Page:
Weihnachtskeksdosendeckelbeschriftungsfarbe — the color of the labeling on the lid of the xmas cookie box. Grundstücksverkehrsgenehmigungszuständigkeitsübertragungsverordnung — land transport permit jurisdictional transfer ordinance. Donaudampfschiffahrtselektrizitätenhauptbetriebswerkbauunterbeamtengesellschaft — association for subordinate officials of the head office management of the Danube steamboat electrical services. And the list goes on and on — the beauty of the German language.
When considering what foreign language to take, very rarely do people think of German. This is largely due to its use — German is a language spoken primarily in only five European countries, none of which have a large influence on the global scale. Furthermore, in the era of European colonization, German took minimal part in the ventures, and so the language never spread like English, Spanish, French, and Portuguese. But despite the neglect of the language, I would like to argue that learning German can be a truly intriguing and rewarding experience.
Unlike the preconception that German is incredibly difficult to spell and pronounce, learning German is an easier process than most people expect. Though seemingly indecipherable at first glance, there are a surprising amount of words that resemble those in the English language in both spelling and meaning. Lily Strange, a sophomore currently in German 3 Honors states, “A lot of people assume German to be a difficult language, but there’s a surprising amount of similarities between it and English, which makes it easier than you might think to learn.”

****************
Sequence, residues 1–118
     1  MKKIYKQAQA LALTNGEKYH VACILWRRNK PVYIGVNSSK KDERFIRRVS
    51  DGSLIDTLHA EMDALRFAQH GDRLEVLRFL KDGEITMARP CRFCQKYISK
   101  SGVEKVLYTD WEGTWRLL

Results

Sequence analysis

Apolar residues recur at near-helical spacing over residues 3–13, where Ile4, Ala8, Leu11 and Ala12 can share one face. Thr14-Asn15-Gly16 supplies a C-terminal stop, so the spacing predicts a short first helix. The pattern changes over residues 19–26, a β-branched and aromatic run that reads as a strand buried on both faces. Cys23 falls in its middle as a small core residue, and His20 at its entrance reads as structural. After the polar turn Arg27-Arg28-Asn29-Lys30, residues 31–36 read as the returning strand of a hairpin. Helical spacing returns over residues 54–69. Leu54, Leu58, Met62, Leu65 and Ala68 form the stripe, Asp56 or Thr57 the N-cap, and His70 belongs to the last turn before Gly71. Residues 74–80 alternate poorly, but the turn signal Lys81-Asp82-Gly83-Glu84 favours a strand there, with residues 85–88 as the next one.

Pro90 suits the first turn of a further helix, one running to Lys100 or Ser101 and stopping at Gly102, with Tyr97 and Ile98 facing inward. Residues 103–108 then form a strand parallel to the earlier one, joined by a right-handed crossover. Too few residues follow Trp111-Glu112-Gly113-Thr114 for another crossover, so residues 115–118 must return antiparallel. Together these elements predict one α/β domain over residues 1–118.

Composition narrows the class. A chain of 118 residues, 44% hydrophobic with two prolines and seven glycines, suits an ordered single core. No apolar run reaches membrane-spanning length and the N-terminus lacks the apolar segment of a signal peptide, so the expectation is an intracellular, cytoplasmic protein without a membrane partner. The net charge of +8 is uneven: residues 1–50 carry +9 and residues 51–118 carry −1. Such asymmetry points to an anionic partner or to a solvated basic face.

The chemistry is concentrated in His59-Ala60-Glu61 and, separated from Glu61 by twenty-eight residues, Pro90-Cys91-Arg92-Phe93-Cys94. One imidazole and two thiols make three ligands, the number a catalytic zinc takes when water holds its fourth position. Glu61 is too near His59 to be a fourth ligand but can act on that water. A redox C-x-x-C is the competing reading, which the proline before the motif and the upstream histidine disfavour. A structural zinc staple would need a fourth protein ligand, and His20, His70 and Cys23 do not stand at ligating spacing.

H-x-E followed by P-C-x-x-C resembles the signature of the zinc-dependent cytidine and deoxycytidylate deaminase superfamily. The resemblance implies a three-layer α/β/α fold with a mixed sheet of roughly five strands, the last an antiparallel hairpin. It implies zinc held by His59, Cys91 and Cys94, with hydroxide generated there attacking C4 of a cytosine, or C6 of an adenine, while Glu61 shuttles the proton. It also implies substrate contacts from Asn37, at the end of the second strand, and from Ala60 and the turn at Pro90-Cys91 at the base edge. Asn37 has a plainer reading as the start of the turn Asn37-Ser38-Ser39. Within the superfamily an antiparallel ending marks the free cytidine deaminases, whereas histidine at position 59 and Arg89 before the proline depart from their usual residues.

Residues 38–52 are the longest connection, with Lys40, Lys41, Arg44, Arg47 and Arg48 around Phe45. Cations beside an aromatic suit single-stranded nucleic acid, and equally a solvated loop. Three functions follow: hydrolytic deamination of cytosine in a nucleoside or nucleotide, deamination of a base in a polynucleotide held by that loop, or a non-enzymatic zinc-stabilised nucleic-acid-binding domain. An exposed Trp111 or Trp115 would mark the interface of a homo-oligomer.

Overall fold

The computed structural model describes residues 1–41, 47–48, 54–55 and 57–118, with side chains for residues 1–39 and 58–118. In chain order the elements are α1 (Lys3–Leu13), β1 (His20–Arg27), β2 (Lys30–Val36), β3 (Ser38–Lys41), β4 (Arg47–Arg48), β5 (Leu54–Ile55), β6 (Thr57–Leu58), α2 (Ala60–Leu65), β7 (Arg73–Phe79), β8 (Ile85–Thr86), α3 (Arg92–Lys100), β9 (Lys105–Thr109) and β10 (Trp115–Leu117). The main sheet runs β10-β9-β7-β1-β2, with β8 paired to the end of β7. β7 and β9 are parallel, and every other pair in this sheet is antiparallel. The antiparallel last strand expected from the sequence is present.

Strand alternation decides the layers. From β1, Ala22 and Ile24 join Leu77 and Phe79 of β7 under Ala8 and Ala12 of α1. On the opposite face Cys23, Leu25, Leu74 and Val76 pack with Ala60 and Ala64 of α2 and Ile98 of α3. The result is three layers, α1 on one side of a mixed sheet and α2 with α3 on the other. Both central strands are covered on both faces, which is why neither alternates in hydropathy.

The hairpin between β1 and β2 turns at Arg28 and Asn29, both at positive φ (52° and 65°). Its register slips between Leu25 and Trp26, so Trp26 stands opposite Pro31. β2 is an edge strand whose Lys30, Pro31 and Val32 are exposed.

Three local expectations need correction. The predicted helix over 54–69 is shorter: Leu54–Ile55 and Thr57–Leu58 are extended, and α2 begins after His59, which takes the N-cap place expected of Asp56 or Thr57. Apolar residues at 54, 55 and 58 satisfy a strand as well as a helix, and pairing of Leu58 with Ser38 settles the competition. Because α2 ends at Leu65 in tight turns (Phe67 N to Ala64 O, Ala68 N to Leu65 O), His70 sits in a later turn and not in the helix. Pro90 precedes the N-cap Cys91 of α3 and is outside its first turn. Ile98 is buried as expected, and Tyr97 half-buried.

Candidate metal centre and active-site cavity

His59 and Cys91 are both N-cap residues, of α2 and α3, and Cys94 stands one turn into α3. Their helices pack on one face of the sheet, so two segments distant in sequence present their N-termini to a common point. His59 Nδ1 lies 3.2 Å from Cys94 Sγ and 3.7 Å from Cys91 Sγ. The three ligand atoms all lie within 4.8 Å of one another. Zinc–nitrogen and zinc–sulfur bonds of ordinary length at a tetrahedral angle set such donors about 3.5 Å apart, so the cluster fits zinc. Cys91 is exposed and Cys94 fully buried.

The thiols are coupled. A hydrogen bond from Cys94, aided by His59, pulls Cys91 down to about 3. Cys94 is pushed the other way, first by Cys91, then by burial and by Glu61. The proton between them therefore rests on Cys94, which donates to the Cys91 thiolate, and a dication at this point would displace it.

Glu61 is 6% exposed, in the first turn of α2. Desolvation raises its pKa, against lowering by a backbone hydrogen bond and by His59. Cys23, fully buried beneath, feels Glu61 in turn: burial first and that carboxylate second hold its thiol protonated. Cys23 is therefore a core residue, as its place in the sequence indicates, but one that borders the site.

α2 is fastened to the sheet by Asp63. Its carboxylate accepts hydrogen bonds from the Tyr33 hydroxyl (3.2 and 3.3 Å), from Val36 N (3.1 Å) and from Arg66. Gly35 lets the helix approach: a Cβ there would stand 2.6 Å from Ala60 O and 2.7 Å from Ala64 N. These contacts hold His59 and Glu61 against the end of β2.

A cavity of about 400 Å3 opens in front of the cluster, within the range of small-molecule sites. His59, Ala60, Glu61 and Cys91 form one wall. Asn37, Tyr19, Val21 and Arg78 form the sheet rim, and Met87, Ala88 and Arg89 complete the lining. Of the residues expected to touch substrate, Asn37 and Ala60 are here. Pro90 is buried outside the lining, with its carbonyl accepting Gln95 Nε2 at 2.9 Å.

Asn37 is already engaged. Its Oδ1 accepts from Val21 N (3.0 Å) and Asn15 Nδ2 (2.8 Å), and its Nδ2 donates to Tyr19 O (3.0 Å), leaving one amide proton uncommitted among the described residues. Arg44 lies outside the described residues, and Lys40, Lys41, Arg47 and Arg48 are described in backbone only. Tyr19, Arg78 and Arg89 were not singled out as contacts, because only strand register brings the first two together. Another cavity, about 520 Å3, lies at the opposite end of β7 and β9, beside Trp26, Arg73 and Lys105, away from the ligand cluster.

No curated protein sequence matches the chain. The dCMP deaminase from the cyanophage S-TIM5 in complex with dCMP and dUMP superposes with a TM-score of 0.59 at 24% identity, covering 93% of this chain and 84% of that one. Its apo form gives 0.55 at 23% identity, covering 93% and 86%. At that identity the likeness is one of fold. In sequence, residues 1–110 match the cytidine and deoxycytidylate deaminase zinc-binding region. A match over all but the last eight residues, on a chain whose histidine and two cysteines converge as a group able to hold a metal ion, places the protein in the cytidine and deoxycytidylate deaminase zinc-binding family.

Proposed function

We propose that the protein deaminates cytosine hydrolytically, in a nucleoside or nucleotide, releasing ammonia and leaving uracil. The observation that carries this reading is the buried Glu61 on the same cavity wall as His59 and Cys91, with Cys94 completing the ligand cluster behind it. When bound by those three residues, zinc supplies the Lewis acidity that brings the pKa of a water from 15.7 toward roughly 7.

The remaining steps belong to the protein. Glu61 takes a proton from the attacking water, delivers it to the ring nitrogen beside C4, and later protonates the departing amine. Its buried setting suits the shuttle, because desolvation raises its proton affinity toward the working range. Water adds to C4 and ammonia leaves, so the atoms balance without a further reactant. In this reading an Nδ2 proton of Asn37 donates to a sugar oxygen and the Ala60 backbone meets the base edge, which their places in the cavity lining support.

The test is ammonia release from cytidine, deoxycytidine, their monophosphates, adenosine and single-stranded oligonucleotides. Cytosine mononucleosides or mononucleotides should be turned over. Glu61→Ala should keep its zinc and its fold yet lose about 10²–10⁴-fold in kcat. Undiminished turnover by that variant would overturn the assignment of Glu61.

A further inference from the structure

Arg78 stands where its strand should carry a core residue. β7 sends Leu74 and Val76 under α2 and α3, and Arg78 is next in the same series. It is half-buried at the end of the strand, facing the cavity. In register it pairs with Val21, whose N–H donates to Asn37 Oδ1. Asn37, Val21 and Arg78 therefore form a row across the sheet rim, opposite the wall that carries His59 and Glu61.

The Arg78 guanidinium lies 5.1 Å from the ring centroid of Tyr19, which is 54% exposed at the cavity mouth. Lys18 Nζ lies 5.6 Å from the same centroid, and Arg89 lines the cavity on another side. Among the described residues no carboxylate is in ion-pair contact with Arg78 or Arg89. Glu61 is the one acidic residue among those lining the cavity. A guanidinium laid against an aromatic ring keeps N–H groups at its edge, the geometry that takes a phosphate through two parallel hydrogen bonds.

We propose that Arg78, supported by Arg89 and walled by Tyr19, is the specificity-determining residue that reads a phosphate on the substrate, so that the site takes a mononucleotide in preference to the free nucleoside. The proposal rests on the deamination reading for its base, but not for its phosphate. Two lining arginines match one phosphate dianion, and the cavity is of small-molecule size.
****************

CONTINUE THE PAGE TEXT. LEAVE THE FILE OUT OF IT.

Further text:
Both German and English are actually derived from the same root language, Proto-Germanic, and like most European languages, have a base in Latin. Once past the different gender articles and cases, and the ridiculously long words, there are quite a few similarities in the vocabulary and sentence structure. For example, “I have” is “Ich habe” in German, while “Was ist das” is “What is that.” Common phrases like these can be easily guessed by anyone, even without prior knowledge of German. However, the unexpected simplicity of the language is not its only attraction. Leon Kornfeld, also a sophomore in German 3 Honors, states, “My favorite part of learning German is learning about the culture. It’s very interesting to see how other people live in other parts of the world. It’s also really cool to learn about the history of the German cities.”
My favorite aspect of German is also the culture. In class, we engage in the different lifestyles of the people, their crafts, specialties, and the history of each German state. Though parts of it is lecturing and note taking, a lot of it also involves hands-on experiences, like the German food potluck we held on finals day, the festivals and museums we were able to visit, and the advent calendar that we keep track of every December, in celebration of Christmas. During class, we also frequently watch movies, write stories, and complete the Bundesliga Total, a soccer trivia competition. Because the class focuses more on the culture than linguistics, it’s a lot more fun than a typical language.
Because of brands like Haribo, BMW, or Adidias, most people have already been exposed to some aspect of German culture. But before taking up the language, I, too, was as clueless about German as many others. Learning German has helped me recognize the diverse ways of life among different people, realize the similarities and differences between myself and others, and experience the culture of a different country that I normally would not. German is so versatile and unique, and more people should learn it because it offers so much beyond just the simple language.
Joyce Kim, Grade 10
La Canada High School